Info Service on WTO and Trade Issues (Jun13/08)
19 June 2013
Third World Network
progress needed to deliver at Bali, says Lamy
Published in SUNS #7597 dated 4 June 2013
Geneva, 3 Jun (Kanaga Raja) -- With only about forty working days
left before the end of July, Members must make "substantive advances"
in this period if they are to have any chance of successfully delivering
at the ninth ministerial conference (MC9) in Bali this December and
preparing a post-Bali roadmap, the Director-General of the World Trade
Organisation (WTO), Pascal Lamy, warned on Monday.
According to trade officials, delegations who took the floor after
Lamy at the informal meeting of the Trade Negotiations Committee (TNC),
stressed that importance of the Bali ministerial meeting cannot be
underestimated, and failure to achieve something in Bali would very
likely lead to a severe loss of credibility to the WTO's negotiating
A number of developing countries reiterated that an adequate amount
of progress is needed in Section II of the draft negotiating text
on trade facilitation (on special and differential treatment provisions
for developing country and least developed country members), and that
more flexibility needs to be seen on this front from the developed
They further said that the question of food security is extremely
important, and that this had to be part of a Bali package. They also
said that development issues must be at the core of any agreement,
further stressing the importance of the issues of Duty Free Quota
Free (DFQF) market access for LDC products and cotton.
South Africa stressed that agriculture must remain a core element
of the Bali package, and that development and the LDC pillar is a
litmus test for the multilateral trading system. "We cannot return
from Bali without any meaningful delivery to the poorest members of
this organisation," said South Africa.
In his statement at the informal TNC meeting, Lamy, as TNC Chair,
said that the purpose of the meeting was to report back to the membership
on his recent consultations and contacts and to continue the review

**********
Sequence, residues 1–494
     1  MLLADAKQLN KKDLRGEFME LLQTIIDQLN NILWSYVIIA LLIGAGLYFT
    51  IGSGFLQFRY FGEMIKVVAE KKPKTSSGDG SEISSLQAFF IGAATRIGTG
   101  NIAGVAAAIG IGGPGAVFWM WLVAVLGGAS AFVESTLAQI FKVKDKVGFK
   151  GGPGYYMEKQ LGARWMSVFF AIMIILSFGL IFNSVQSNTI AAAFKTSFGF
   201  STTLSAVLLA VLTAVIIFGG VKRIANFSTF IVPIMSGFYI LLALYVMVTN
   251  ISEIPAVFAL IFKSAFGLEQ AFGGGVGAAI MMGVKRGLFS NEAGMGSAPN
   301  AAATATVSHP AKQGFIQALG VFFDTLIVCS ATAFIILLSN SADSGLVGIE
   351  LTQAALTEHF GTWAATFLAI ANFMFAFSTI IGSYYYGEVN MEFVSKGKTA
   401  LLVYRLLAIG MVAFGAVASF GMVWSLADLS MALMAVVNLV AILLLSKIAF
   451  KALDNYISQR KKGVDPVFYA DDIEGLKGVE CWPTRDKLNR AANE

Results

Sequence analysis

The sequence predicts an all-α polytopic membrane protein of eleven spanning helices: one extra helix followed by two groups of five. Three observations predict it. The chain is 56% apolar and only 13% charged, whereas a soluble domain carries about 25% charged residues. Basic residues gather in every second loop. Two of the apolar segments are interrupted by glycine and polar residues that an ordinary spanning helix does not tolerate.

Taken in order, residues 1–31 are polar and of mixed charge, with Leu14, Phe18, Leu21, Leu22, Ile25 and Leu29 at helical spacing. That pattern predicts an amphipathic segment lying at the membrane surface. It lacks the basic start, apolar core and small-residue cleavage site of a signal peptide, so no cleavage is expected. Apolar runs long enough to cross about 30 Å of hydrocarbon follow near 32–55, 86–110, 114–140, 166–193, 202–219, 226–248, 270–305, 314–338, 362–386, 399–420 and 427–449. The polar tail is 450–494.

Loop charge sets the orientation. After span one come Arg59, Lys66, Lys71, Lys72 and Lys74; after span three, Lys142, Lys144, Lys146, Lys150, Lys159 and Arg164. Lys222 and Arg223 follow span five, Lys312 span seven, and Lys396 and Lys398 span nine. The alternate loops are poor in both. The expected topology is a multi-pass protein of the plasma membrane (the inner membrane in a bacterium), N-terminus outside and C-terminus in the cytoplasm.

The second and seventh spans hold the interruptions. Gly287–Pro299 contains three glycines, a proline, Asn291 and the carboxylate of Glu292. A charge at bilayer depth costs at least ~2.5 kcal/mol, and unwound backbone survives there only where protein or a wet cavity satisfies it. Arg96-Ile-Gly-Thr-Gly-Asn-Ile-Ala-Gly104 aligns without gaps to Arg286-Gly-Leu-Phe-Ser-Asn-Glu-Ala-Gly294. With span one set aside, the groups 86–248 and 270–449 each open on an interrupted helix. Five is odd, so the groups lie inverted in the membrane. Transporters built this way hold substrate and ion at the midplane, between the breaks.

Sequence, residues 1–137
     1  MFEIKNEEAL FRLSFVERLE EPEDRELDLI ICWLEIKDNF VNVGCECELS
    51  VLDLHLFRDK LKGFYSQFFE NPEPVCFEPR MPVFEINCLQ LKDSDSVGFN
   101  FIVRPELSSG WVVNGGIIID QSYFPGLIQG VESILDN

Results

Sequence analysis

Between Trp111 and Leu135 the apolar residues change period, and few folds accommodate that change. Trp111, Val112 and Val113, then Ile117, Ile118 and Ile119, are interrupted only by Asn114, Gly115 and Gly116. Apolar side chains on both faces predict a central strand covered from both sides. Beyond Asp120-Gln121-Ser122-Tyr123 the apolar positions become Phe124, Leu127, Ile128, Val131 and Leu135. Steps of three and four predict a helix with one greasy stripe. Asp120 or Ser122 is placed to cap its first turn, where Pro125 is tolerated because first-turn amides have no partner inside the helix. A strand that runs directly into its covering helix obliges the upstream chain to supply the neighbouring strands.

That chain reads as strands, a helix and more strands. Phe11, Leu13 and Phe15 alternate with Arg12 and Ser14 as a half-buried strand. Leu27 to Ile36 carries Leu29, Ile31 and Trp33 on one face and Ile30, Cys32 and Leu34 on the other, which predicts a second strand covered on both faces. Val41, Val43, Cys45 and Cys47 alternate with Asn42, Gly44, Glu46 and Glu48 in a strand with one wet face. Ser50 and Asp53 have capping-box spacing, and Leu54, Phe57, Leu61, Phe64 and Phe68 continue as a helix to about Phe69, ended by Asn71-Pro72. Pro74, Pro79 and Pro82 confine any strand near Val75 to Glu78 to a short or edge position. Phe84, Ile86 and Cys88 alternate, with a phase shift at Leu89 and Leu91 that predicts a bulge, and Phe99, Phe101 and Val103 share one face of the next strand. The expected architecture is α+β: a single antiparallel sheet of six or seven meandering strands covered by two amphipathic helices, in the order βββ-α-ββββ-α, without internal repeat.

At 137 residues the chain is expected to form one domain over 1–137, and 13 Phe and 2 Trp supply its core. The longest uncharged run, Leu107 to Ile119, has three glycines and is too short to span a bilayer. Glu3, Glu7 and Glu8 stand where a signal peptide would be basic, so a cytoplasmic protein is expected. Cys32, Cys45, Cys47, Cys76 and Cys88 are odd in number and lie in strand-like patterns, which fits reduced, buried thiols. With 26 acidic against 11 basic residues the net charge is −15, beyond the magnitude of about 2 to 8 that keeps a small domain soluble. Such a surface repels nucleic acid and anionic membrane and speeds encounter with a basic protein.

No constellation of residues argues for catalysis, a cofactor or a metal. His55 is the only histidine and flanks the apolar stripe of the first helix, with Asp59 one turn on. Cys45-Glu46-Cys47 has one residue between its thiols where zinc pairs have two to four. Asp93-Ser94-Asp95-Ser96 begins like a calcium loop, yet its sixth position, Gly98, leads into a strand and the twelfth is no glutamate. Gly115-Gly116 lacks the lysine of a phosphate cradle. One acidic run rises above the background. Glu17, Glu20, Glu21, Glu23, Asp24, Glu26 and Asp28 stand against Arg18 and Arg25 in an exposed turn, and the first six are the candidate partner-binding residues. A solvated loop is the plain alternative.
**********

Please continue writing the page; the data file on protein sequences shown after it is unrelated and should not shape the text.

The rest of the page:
of progress on the three Bali potential deliverables of trade facilitation,
agriculture and Special and Differential Treatment (S&D)/Least
Developed Country (LDC) issues.
At the last meeting (in April), said Lamy, "we collectively faced
up to the reality that the pace of the substantive engagement to successfully
deliver in Bali was wanting. In realisation of the heavy responsibility
that confronted us all, not only for Bali, but also for the future
of the DDA [Doha Development Agenda] and the WTO's negotiating function,
we all committed to a set of prescriptions - changing course; urgently
engaging substantively; seeking necessary political will and flexibility
from capitals and displaying mutual trust and realism."
Since the April meeting, the continuous intensive process in negotiating
groups has started to bear some incremental progress, Lamy maintained,
but that on the negotiating mode, "we are yet to see the kind
of flexibilities that are needed in an endgame negotiation."
"We all know that process, however good, is not enough to deliver.
It is substantive engagement that holds the key. And here time is
turning against us. We are entering the red zone," he warned.
Lamy gave his assessment of the state of play on the three areas for
On agriculture, he said that intensive consultations have continued
on the G-33 proposal concerning public stockholding for food security